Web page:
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People in the Midlands denied access to life-changing technology

Many adults and children with diabetes in the Midlands are being denied a new life-changing technology that could help them to safely manage their condition.

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Many people with diabetes need to self-monitor their blood glucose levels. This is usually done with a finger prick blood test using a meter that indicates the blood glucose level at the time of the test. People with diabetes who use insulin often need to test many times a day.

In contrast, Flash Glucose Monitoring uses a small sensor that people wear on their skin that records blood sugar levels continuously and can be read by scanning the sensor whenever needed. This device can free them from the pain of frequent finger-prick testing, making it easier to keep on top of blood sugar levels.

Crucially, because Flash helps people test more frequently, and gives them much more information, it in turn supports to improve control of the condition. This can then reduce the risk of serious diabetes-related complications, such as amputation, blindness and stroke, as well as improving quality of life, and saving the NHS much-needed funds.

Even though in principle the device can be prescribed on the NHS since November 2017, its use is subject to approval by local health bodies. Currently, only Northern Ireland, Wales and two in five areas in England and one in three in Scotland have made it available to people who meet local criteria.

Only Dudley and Wolverhampton clinical commissioning groups (CCG) in the West Midlands are currently making the technology available. Decision makers in Birmingham, Worcestershire, Herefordshire and Shropshire have decided against prescribing Flash.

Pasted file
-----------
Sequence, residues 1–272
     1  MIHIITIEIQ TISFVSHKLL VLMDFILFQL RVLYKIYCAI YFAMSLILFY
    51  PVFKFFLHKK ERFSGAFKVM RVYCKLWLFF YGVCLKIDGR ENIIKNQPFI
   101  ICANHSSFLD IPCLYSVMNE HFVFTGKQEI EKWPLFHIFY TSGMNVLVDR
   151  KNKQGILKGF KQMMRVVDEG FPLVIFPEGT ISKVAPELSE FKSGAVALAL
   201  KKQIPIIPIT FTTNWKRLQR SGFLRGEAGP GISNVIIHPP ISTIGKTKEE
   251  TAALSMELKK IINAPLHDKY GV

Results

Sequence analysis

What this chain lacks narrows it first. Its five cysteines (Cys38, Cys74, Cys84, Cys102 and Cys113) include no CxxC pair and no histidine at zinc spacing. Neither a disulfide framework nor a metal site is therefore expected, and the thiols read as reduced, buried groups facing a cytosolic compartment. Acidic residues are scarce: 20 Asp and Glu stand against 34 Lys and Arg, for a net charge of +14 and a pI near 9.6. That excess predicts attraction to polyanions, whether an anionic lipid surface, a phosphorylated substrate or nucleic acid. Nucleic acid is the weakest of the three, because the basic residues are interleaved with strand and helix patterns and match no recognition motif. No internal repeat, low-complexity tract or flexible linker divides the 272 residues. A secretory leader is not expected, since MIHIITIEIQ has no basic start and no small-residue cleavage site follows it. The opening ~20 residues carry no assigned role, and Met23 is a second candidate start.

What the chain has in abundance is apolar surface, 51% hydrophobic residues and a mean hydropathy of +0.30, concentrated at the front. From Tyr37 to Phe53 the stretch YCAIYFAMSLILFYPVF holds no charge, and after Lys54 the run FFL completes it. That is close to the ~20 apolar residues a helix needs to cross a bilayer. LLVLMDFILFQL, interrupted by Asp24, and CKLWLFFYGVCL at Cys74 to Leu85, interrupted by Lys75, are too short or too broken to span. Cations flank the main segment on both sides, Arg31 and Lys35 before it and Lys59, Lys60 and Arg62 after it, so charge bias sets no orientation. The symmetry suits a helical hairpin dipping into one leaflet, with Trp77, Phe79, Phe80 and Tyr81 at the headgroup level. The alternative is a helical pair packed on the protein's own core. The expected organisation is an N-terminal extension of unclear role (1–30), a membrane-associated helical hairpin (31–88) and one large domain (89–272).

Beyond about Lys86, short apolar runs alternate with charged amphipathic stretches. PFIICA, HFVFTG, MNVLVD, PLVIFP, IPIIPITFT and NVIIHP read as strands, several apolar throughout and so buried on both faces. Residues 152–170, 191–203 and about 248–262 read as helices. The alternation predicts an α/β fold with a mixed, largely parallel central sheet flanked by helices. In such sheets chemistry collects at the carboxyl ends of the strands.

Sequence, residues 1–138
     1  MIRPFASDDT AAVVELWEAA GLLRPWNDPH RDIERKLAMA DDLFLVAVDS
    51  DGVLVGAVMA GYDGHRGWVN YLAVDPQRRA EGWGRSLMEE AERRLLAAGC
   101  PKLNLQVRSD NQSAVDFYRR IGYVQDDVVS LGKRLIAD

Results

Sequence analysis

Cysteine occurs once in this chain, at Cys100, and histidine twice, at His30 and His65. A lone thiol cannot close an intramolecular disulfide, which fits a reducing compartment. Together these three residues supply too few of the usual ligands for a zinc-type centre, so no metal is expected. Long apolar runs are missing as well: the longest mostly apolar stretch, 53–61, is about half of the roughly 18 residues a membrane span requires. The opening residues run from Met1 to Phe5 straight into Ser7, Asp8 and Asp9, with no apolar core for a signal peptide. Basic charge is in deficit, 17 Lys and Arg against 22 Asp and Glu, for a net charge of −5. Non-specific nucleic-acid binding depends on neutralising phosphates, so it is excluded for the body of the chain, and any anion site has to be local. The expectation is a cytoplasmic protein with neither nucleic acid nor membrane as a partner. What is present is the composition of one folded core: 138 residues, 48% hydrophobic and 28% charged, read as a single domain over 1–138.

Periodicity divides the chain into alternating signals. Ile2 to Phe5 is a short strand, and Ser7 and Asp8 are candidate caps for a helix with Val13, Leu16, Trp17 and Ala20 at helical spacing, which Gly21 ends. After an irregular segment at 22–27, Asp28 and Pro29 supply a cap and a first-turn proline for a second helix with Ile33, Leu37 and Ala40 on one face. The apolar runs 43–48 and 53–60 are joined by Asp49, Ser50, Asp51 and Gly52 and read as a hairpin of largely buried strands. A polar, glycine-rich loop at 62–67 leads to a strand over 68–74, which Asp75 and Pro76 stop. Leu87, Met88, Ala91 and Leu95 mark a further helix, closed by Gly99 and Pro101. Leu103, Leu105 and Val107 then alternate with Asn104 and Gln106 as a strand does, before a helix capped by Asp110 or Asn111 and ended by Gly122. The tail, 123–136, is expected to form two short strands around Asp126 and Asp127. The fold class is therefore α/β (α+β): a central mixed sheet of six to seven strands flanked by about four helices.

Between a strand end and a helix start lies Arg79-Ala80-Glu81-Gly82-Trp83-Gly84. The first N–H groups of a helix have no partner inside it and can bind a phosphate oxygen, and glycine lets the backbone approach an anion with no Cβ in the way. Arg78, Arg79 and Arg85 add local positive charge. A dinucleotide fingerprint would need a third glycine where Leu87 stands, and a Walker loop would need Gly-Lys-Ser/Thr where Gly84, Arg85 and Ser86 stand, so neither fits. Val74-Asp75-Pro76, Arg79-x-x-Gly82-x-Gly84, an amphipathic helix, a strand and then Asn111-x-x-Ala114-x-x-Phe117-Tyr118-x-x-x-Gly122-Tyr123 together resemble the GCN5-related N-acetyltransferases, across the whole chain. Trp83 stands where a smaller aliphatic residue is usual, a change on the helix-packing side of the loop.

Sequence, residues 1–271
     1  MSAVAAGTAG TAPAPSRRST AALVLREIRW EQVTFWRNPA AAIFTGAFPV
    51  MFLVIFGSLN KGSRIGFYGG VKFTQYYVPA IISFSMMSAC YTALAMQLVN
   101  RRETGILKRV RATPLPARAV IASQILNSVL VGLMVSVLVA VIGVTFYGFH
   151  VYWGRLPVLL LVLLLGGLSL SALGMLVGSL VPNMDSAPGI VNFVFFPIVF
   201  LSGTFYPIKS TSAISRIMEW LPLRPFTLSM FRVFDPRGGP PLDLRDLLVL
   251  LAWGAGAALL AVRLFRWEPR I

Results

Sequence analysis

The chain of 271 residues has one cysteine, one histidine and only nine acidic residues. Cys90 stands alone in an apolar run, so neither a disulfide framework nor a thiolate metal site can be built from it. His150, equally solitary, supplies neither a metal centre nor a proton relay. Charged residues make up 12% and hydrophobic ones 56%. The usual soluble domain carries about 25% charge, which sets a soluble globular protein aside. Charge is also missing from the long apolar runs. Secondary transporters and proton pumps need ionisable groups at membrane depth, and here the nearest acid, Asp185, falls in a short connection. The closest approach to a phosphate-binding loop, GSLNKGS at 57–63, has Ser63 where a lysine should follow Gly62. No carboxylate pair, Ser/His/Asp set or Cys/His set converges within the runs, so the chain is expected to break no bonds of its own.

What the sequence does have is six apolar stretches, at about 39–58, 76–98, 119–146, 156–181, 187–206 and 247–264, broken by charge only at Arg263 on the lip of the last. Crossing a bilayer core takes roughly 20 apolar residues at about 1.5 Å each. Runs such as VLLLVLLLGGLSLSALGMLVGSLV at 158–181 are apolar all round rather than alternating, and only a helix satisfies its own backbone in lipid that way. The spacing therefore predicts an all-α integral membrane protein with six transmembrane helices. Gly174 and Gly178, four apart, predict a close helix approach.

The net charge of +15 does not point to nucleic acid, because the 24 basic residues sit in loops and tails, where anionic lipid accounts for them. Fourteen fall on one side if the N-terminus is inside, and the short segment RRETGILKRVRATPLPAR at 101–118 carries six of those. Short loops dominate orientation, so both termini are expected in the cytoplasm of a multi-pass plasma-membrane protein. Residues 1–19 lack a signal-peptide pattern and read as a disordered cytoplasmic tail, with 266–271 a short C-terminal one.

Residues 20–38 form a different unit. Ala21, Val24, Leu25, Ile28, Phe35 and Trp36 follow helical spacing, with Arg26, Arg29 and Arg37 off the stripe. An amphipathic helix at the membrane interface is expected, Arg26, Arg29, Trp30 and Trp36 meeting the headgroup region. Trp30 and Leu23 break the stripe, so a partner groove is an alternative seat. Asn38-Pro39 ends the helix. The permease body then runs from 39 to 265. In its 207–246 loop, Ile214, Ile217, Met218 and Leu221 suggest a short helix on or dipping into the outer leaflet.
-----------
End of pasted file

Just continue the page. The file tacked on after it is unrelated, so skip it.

In other areas such as Staffordshire and Warwickshire, there is either no information available or the policy is under review. But many CCGs across the East Midlands, including those in Lincolnshire, Derbyshire and Northamptonshire, are prescribing.

This means that people with diabetes in the Midlands face a postcode lottery to access technology that could help them manage their condition well.

Across the UK, local decision makers have decided against prescribing Flash in 52 areas, while thousands of people with diabetes are awaiting decisions by 38 clinical commissioning groups across England and nine health boards in Scotland that are currently reviewing their policies. There is no information on availability or plans to review policies in 35 areas.

We are urgently calling on local health bosses to give access to the ground-breaking technology to those who can benefit, no matter where they live.

Peter Shorrick, Diabetes UK Midlands regional head, said: “People’s health should not depend on an unfair postcode lottery. Everyone should be able to access the care and treatments necessary to safely manage their condition.

“Because Flash makes it easier to monitor and better control blood sugar levels, it improves lives, can save money, and reduces the risk of serious diabetes-related complications such as amputations and blindness.

“The NHS agreed to provide access in November, but many people with diabetes across the Midlands have already been waiting for too long. All CCGs should now have a policy providing access to Flash for free on prescription, so that everyone who can benefit from it, will.”

Anthony Bates (pictured) lives in Leicestershire and has lived with Type 1 diabetes for more than 50 years.

Anthony said: "I am amazed that the region I live in has refused to support this latest technology, the cost benefit in cost terms for longer improved control will outweigh the initial costs.

“I have friends that are Type 1 diabetics who live less than four miles from me and use the technology and it has improved their control by a massive amount. It was the same discussion when the first insulin pumps became available, now everybody uses them, the decision makers are just looking at baseline initial costs not the longer term impact on the NHS which is already on its knees."

“I am so frustrated when all I want is to increase my control and enjoy my life.”

More than seven thousand people have backed our campaign for fair and equal access to Flash glucose monitoring everywhere in the UK and a third of areas already recognise the benefits of the technology and are prescribing it. Type 1 diabetes charity JDRF and INPUT, the diabetes technology charity, are also supporting the campaign.

To find out if Flash is right for you, what you need to do to access it and how you can make a case for it to be made available in your local area, go to our flash page.

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